Photography: Unbound Productions
Grocery stores continue their slow but steady evolution from solely selling raw ingredients to being a one-stop shop for both fresh foods and pre-cooked, restaurant-quality meals.
Kitchen Hub, a two-year-old Toronto company that brings together “celebrated restaurants” using the increasingly popular ghost kitchen concept, has opened its fourth location, this time inside a Longo’s store in the city’s Liberty Village neighbourhood. It is being billed as the first ghost kitchen to open inside a Canadian grocery store.
The store-within-store concept features a full menu of items from the Thai restaurant PAI, as well as Montreal’s Mandy’s Gourmet Salads, the fast-growing fried chicken and burger joint Cabano’s Comfort Food, and the Mexican spot Tecolote.
Customers can mix-and-match items from any of the four restaurants, and can also add grab-and-go offerings from The Cheesecake Factory Bakery and Elle Dee Bakery, as well as ready-to-eat items from the Longo’s kitchen, including pizza, sushi, salads and whole roasted chickens. Longo’s and Kitchen Hub say it is the beginning of a longer-term relationship.
“Partnering with Kitchen Hub gives us a very unique opportunity to provide meal solutions, quality food options and convenience to our guests,” says Longo’s vice-president of merchandising, Joey Bernaudo. “We’re continually looking for ways to innovate and meet evolving shopping needs, and are proud to partner with companies that can help us do that.”
Longo’s operates 36 stores around Toronto and Hamilton, but Bernaudo says the Liberty Village location was selected for the Kitchen Hub debut because the neighbourhood’s residents are predisposed towards restaurant experiences and “eclectic” food options, “which showed us that our store location was a natural fit for Kitchen Hub.”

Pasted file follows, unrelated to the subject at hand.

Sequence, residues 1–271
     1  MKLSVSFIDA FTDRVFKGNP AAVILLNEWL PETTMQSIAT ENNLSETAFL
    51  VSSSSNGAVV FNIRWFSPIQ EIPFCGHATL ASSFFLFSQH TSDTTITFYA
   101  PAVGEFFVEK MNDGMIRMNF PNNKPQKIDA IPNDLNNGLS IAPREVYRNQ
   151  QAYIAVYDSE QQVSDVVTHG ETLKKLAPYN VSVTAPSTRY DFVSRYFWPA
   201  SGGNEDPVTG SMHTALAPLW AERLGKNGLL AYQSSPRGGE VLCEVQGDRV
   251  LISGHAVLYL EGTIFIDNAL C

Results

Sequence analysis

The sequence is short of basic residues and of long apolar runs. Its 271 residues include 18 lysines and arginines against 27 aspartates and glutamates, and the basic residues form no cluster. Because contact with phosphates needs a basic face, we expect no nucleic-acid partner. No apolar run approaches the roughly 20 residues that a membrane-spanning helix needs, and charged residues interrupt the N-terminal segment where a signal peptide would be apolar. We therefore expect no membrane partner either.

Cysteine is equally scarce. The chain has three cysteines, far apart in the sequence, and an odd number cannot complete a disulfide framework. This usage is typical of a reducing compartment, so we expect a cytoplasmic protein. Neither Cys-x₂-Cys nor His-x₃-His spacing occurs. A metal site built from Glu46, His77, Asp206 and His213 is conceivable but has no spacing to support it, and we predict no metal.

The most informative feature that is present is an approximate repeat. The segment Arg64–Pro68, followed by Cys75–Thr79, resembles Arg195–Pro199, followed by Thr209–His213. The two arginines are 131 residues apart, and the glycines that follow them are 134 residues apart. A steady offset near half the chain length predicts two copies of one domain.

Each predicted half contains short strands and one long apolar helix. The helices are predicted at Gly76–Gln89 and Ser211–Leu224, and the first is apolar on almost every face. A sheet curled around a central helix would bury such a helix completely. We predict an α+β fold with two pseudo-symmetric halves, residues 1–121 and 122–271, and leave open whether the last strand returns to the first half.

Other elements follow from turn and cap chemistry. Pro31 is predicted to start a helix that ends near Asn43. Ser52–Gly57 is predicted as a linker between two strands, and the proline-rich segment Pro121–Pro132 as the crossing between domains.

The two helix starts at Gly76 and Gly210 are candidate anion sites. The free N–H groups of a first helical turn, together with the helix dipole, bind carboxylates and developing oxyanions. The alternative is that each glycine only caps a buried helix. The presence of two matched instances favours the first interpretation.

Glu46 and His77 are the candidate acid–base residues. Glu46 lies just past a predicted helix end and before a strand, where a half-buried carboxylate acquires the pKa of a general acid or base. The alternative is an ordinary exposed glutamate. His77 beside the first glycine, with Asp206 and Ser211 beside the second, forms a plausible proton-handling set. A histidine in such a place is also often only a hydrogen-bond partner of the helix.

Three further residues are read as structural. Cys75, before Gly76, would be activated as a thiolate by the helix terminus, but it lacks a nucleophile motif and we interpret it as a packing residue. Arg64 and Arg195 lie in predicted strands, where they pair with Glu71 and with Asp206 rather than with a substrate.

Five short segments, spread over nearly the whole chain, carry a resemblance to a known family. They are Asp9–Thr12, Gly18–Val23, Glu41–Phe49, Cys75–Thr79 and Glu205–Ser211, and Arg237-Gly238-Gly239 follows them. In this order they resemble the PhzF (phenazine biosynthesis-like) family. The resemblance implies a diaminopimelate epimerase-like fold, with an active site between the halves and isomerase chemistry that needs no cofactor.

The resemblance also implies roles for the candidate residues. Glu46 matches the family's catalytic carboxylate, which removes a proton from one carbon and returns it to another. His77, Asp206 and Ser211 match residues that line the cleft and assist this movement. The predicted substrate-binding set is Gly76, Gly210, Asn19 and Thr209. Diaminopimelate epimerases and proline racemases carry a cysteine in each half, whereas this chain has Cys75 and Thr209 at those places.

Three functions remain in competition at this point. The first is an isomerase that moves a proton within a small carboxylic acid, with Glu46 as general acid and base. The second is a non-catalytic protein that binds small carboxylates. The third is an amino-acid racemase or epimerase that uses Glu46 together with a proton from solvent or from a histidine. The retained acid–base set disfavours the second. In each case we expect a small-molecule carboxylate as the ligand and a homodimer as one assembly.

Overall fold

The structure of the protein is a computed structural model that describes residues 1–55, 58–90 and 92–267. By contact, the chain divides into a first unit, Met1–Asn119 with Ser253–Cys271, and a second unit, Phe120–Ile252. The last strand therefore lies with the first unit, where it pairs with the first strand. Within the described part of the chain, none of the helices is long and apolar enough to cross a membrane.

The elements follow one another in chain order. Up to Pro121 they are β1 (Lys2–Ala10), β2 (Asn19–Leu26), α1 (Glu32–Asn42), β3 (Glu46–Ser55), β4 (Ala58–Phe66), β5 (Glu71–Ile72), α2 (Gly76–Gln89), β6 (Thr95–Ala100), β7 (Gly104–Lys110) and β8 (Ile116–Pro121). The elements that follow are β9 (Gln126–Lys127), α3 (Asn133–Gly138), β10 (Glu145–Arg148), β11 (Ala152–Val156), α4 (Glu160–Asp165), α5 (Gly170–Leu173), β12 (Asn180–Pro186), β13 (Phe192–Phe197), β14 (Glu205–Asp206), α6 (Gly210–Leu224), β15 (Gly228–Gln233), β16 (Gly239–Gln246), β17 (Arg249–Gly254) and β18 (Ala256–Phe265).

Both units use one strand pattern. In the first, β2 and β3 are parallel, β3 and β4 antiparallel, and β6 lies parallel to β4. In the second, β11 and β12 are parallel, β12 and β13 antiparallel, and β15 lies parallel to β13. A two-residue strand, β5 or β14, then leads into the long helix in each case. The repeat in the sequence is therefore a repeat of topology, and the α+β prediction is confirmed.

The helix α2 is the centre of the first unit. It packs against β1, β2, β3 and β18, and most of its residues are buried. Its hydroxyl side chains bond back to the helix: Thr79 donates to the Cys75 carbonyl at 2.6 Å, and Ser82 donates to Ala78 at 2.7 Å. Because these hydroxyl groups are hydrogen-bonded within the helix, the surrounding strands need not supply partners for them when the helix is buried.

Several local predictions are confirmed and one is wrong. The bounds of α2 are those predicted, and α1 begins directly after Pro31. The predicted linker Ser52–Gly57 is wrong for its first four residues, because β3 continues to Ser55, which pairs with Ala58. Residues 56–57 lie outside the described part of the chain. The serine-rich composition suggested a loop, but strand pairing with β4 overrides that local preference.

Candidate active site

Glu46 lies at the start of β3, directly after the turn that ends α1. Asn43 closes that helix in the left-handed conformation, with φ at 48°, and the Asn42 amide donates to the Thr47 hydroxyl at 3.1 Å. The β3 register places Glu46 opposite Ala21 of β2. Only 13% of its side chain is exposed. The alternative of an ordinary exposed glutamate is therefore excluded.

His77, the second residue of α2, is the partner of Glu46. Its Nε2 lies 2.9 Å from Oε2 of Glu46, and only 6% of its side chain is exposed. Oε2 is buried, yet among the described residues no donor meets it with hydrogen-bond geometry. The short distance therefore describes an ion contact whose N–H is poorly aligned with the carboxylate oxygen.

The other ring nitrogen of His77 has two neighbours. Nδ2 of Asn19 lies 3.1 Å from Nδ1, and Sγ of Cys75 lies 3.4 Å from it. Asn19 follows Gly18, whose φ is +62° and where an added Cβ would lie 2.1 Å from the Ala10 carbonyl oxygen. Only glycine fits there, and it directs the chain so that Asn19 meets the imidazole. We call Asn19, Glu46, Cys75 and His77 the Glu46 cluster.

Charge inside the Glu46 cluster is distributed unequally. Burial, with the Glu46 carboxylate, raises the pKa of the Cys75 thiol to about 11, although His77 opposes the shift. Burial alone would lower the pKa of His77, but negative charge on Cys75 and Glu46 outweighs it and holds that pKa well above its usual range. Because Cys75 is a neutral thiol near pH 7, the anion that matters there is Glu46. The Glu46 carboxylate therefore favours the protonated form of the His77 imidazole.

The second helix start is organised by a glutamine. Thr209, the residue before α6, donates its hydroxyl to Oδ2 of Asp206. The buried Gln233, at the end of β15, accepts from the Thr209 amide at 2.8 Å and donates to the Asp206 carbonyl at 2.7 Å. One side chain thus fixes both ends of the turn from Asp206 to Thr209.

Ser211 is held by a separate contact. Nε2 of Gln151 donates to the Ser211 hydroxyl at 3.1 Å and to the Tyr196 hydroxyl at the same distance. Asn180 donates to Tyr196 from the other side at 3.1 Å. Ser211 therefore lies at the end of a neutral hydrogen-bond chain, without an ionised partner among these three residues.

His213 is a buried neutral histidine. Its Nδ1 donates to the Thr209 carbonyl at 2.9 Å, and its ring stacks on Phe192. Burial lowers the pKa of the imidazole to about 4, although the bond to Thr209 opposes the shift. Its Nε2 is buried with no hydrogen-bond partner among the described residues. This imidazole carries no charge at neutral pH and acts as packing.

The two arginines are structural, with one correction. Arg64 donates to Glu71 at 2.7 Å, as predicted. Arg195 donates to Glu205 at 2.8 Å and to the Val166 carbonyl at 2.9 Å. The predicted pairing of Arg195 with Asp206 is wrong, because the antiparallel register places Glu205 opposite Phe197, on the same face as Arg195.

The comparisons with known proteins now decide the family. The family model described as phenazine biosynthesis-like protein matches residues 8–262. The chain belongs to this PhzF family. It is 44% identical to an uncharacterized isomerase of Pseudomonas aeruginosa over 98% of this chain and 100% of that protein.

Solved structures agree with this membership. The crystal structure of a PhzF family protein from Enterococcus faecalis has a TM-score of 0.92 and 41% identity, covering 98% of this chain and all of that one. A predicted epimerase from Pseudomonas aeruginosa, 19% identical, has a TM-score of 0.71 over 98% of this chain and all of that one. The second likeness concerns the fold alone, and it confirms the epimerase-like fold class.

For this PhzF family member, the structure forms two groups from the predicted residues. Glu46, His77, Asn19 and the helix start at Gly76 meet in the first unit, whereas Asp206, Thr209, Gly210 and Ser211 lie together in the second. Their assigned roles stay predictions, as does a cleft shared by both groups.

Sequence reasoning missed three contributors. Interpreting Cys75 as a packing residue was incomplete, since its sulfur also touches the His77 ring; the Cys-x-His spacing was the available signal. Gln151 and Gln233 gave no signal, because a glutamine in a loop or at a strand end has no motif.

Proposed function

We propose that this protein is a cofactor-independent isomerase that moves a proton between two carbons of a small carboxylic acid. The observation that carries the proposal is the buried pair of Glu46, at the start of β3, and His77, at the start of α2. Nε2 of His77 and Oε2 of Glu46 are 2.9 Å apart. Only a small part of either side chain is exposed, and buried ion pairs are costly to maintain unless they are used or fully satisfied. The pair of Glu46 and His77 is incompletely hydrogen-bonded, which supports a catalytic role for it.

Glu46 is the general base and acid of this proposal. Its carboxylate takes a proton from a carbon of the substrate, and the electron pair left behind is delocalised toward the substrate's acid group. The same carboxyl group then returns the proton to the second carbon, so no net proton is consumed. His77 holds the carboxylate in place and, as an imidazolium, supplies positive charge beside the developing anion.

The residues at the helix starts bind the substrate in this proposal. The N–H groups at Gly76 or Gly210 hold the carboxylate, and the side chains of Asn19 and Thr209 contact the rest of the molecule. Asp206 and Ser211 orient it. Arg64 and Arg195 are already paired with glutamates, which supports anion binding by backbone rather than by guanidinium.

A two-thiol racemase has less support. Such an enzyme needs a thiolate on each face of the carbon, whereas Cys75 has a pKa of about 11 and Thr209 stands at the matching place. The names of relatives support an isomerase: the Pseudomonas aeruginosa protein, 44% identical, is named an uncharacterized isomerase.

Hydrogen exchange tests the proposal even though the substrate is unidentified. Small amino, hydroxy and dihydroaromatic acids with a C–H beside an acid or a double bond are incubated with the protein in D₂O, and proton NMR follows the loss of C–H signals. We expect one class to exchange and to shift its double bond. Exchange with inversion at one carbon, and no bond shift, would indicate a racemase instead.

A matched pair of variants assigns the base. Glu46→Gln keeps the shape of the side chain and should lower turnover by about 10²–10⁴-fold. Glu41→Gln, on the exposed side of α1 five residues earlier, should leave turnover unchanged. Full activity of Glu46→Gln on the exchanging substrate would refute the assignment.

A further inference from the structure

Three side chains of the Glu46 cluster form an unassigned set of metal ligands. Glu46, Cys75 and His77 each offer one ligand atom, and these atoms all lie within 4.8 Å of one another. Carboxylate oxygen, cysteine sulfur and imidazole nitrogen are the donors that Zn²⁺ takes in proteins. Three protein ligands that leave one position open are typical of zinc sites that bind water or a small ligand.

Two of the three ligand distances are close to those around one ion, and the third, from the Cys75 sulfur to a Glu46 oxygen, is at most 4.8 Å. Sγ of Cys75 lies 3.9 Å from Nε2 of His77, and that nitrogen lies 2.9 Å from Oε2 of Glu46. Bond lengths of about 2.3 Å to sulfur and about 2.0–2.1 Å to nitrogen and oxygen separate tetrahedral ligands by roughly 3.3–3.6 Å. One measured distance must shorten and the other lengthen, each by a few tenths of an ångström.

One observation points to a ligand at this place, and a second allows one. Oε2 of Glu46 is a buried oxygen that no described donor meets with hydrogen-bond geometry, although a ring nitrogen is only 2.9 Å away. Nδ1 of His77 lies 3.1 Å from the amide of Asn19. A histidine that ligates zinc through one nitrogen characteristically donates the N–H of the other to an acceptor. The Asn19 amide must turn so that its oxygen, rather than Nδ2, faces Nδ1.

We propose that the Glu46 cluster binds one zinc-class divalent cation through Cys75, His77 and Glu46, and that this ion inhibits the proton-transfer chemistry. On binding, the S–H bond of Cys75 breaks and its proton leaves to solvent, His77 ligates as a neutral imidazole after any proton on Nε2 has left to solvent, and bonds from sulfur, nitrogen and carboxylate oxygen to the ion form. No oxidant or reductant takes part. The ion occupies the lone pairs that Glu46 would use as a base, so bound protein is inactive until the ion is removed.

Bernaudo says Longo’s plans to test the concept and gather feedback from both guests and employees. “We can take those learnings and apply them to potential opportunities in the future,” he says.
He says that having Kitchen Hub operating from the Liberty Village locations provides customers with an abundance of high-quality, ready-to-eat meal options, “which we know the community is looking for.” The diversity of food items available at the store, he adds, means more choices and convenience for shoppers.
While the idea of ghost kitchens in grocery stores is still relatively new, the idea is being adopted by grocery retailers like Kroger in the United States. This year, the ghost kitchen company Kitchen United opened its 10th location inside a Ralph’s supermarket near the UCLA campus in Los Angeles, which was followed by the opening of additional locations inside Kroger stores in Houston and Dallas.
The two companies first announced their partnership last year, with Kroger’s group vice-president of fresh merchandising Dan De La Rosa saying at the time that its customers’ demand for fresh, on-demand meals “continues to accelerate.” The companies said that the off-premise restaurant kitchen would feature as many as six local, regional or national restaurant brands.
Kitchen United raised US$100 million in funding this year from a group of investors that included Kruger, Restaurant Brands International, and the convenience store operator Alimentation Coche-Tard, bringing its total funding to US$175 million.